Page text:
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Su-Ying Lee

Su-Ying Lee

Faculty of Animation, Arts & Design

Degree: Art and Art History (Bachelor of Arts)

Year of graduation: 2002

Su-Ying Lee is always seeking new and unusual ways to bring art to the public. She has staged art exhibitions inside a revolving door at Toronto’s Metro Hall and in a Queen Street West corner store. As the Assistant Curator at the Museum of Contemporary Canadian Art, she has both institutional experience and a number of independent projects to her credit. Her work includes assignments with the Art Gallery of Mississauga, the Blackwood Gallery and the Canadian Art Foundation. Prior to beginning her current post in January 2013, Su-Ying completed a one-year curatorial residency at the Justina M. Barnicke Gallery. She also holds an M.A. in Visual Studies, Curatorial (2011) from the University of Toronto. 

What do you enjoy most about your work?

Collaborating with artists to develop projects - particularly those suited to unique situations, including site-specific work and unusual platforms for artists. I also like strategy - thinking about how one project relates to the next - and building upon each previous project. 

I even enjoy the day-to-day unglamorous work of logistical planning for exhibitions - shipping and installation. It's exciting to see an exhibition come together. And of course, the big celebration of an opening reception which gives me the opportunity to socialize with the public, artists and colleagues! 

What is the biggest challenge facing a professional in your field?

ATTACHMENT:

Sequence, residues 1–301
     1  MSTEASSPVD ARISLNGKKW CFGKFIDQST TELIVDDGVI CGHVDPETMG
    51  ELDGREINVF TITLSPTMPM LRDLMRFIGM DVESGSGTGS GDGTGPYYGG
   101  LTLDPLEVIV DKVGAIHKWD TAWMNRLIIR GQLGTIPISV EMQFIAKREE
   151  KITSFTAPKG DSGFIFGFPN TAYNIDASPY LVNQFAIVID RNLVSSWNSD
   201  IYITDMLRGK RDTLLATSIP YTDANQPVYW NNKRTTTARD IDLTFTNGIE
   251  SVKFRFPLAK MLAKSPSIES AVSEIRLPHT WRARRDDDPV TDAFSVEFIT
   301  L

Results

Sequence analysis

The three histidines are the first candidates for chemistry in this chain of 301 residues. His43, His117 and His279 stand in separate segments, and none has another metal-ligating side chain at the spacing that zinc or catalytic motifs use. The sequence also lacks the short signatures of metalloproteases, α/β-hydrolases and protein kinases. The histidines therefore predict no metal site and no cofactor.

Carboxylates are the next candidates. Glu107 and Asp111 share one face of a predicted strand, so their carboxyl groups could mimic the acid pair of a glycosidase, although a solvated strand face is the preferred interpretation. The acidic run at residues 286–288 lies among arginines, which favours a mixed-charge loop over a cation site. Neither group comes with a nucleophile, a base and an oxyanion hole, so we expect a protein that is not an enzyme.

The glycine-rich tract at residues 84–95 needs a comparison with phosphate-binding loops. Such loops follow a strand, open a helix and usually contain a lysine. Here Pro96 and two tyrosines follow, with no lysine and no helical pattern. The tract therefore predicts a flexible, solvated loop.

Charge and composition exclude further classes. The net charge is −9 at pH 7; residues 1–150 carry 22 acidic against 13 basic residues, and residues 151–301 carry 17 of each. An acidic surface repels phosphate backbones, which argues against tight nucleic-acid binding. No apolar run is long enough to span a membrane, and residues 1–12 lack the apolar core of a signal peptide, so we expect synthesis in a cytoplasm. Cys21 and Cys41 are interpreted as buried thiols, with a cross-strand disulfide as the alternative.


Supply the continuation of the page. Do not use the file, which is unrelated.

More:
There are not enough curatorial jobs for all the new curatorial practice degrees that are being created. Balancing classroom education with hands-on experience is crucial. One cannot expect to be hired with a degree but no real-life experience. I volunteered, worked for minimum wage, did every menial task associated with galleries to learn about the field before I even decided what I wanted my role to be. Through my volunteer work, I was able to get one-on-one time with gallery staff to learn about their jobs. Once I settled upon curating, I was equipped with a realistic idea of what tasks and knowledge were necessary.

What advice would you offer a newly-minted Art and Art History graduate?

Being an artist or working within the arts is not for the faint of heart. To endure, you have to know what your skills are and develop your voice. Making art takes life-long research and practice. It's important to continuously evolve, whether you are on the creative or administrative side of the field. 

What was the best lesson you learned at Sheridan?

The UTM/Sheridan program offers both in-studio training and art history studies which makes for a more well-rounded education. The studio work familiarized me with artistic practice. As a curator, this firsthand experience is exceptionally valuable. Also, studio work taught me how to anticipate potential issues and delays, how to strategize and problem-solve. 

Read more about Su-Ying in The Globe and Mail

Learn more about the Sheridan/University of Toronto Mississauga Art and Art History Program.
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